This is the first part of an ongoing series about teaching games--both video games and tabletop role playing games--as literature.
We should teach games the same way we teach books: as literature.
Yes, seriously. Games as Lit. Bear with me here.
I have taught 9th and 12th grade English for some time now. I’ve taught inclusion, honors, and Advanced Placement level courses. It should be unsurprising that I have Opinions on the subject of what should be taught in “literature” classes. But what exactly is literature? This is a long-running debate, and it doesn’t help that commonly referenced dictionaries all include multiple, un-helpful definitions of the term ‘literature.’ Paraphrased, these definitions range from ‘all written texts’ to ‘written works of particular merit.’
That last bit, that value-judgement, is the piece that teachers and readers and writers have been arguing about for quite some time. When we say that we teach texts with ‘literary merit,’ those reassuring syllables convey no actual, objective fact, since the concept of ‘merit’ will vary between people, places, and eras. If you read critical literary theory, you might have heard this definition of literature called ‘culturally relative.’
Put more simply, what works for you won’t necessarily work for others, now or in the future. There’s a reason for all those jokes about the literary canon being just a bunch of dead white guys. Their standards were the ones by which they judged the literary merit of English texts, and so the standards and ideals of my white, European, English speaking ancestors became enshrined in academia as if they were universal cultural norms. Which they are not, and never have been. It would be absurd to believe that only white males had written things for hundreds of years, and yet even now that narrative continues in the form of the carefully selected ‘literature’ we’re allowed to teach in schools.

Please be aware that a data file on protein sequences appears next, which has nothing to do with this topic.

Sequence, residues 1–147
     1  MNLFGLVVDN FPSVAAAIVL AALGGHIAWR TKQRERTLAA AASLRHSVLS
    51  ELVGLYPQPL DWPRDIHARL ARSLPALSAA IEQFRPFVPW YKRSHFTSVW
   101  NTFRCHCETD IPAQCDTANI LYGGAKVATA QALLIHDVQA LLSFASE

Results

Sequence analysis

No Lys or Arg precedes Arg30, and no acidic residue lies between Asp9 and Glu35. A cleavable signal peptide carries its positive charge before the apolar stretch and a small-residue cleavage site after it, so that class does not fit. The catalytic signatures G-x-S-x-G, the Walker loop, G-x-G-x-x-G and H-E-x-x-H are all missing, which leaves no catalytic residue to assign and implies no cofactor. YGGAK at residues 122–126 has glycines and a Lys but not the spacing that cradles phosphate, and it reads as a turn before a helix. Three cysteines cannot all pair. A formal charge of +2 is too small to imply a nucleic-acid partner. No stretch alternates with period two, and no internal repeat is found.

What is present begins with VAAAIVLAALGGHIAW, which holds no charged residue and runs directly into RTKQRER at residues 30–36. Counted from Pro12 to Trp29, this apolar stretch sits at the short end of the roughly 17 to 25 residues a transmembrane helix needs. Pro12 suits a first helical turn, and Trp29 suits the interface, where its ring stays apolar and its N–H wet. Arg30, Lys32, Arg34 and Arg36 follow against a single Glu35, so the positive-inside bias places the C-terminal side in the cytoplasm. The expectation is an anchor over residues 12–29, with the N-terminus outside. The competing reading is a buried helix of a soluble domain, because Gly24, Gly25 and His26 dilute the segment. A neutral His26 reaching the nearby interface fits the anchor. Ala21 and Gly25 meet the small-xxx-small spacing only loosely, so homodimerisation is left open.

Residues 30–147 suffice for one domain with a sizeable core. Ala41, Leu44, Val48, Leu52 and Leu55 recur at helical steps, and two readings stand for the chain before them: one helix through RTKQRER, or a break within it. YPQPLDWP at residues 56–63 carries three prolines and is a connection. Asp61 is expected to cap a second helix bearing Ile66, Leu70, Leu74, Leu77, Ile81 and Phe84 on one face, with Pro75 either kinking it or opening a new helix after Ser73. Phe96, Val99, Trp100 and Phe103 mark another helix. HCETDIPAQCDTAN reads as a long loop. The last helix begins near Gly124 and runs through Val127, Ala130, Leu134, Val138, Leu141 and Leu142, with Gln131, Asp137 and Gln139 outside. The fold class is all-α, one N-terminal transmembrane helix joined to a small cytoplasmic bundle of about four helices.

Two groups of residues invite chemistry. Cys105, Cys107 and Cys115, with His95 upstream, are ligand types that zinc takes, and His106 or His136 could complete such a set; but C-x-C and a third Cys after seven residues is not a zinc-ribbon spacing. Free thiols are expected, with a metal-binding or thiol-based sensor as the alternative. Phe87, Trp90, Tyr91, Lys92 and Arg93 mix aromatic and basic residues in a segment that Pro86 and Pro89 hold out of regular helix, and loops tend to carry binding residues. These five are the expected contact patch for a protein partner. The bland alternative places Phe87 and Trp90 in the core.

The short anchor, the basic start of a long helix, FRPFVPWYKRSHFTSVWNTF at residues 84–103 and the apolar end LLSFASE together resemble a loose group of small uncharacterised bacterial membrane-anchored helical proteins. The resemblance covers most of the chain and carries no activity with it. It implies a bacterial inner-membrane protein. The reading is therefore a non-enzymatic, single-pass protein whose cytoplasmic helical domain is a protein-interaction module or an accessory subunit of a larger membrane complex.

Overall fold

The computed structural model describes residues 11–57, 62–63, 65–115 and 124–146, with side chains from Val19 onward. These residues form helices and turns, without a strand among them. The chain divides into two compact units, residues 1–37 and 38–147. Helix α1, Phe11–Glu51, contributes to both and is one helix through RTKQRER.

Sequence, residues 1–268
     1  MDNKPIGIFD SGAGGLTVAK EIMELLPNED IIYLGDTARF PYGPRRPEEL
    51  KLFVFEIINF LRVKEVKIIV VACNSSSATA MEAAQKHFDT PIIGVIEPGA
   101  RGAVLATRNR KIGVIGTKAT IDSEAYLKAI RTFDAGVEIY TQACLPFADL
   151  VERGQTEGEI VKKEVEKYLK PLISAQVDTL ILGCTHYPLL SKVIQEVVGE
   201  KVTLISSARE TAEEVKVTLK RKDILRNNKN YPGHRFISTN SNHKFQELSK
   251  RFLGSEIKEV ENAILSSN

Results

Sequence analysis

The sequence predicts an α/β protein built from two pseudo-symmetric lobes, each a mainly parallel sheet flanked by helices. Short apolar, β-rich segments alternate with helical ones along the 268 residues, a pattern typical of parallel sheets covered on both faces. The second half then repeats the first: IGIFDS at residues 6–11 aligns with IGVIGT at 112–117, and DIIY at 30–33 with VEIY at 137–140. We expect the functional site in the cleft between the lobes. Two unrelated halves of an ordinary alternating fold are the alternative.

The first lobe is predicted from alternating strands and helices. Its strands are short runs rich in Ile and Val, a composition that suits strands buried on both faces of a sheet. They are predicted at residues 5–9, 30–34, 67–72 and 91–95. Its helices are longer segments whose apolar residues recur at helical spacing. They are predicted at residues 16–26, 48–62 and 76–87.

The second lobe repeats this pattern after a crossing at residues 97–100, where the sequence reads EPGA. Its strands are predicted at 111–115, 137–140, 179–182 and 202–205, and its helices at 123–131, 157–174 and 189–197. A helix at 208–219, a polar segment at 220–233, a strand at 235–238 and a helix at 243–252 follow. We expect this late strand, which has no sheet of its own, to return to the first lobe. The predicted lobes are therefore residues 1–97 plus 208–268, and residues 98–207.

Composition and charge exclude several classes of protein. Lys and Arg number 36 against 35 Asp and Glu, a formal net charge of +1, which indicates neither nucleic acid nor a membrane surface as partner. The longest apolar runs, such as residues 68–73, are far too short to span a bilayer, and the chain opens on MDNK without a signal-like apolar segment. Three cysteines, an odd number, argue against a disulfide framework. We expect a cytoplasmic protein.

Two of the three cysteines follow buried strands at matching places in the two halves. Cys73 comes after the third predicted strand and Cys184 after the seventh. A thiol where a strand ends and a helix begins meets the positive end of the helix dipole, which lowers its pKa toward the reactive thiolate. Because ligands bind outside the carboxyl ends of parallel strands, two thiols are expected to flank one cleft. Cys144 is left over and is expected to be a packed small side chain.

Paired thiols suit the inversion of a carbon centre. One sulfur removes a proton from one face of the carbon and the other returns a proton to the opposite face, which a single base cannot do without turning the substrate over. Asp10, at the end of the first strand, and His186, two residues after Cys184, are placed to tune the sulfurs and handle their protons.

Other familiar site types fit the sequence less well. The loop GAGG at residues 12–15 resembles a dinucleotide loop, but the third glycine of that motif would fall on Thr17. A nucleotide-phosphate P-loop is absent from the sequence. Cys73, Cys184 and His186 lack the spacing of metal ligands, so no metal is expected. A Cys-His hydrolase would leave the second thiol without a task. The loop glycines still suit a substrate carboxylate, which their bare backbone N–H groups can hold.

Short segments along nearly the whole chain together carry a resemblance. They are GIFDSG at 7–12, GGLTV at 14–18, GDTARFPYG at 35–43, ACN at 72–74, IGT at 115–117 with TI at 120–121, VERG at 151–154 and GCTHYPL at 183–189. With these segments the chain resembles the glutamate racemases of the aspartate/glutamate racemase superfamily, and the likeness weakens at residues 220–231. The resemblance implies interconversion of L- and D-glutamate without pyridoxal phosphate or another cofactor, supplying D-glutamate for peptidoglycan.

The fact that this stagnation has gone on for so long has, at least, led to it being treated with the negative attention it deserves, but it still hasn’t been fixed. We know the problem, but we can’t seem to solve it. We know that 70% of high school dropouts feel unmotivated and uninspired by school, and yet we still struggle to update the texts we teach. Whether that struggle is to admit the problem exists at all, or to get our school systems to approve new materials--especially those by women or people of color--we carry on, fighting a battle that should have been won decades ago.
The cognitive dissonance required to acknowledge the impact of an author’s culture on their work while simultaneously pretending that everyone is a white dude isn’t a new problem. In 1918, in A History of English Literature, Robert Huntington Fletcher acknowledged that consideration of an author’s era and culture was critical to understanding their work--in fact, that the entire history of their culture was a vital component--and yet Fletcher remained committed to restricting the title of literature to works of “permanent significance and beauty.” But if we’re using only the critic’s cultural standards for significance and beauty, that brings us back around to the start of our little ouroboros, and we swallow our own tail.
However, while it should by now be apparent that I think the literary canon of English academia is imperfect in its breadth and depth, that doesn’t mean I think it needs to be scrapped entirely. I just think this particular canon is in need of a little calibration. We can fix this problem, and help that poor, tail-devouring snake stop choking on itself.
Rather than rely on what others--in the past, in one particular culture--judged to have merit, we need to embrace the idea that literature is what we, here and now, find to have “significance and beauty.”
Once we admit that those qualities are fleeting, relative, and still valid, we will have access to a new and ever-evolving chronicle of our planet’s art, at a time when our students can still connect with and appreciate it.
That covers what I hold to be a working understanding of literature. Next, I’ll make my case for the literary potential of games, in the post Games as Lit II: Unanswered Questions. If you have any suggestions or comments, I’m happy to hear them, but please note my standard comment policy.